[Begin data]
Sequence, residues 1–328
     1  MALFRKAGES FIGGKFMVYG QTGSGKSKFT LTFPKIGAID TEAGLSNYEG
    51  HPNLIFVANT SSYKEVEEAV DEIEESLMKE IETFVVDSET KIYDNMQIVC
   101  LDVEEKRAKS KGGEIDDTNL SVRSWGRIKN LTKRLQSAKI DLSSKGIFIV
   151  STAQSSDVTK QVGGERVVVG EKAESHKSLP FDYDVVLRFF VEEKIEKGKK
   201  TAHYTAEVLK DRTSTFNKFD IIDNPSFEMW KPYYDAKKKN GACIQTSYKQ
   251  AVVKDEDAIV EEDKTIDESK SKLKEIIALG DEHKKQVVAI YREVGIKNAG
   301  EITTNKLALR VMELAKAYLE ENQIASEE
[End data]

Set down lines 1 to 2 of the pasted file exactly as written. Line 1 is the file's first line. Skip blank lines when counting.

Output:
Sequence, residues 1–328
     1  MALFRKAGES FIGGKFMVYG QTGSGKSKFT LTFPKIGAID TEAGLSNYEG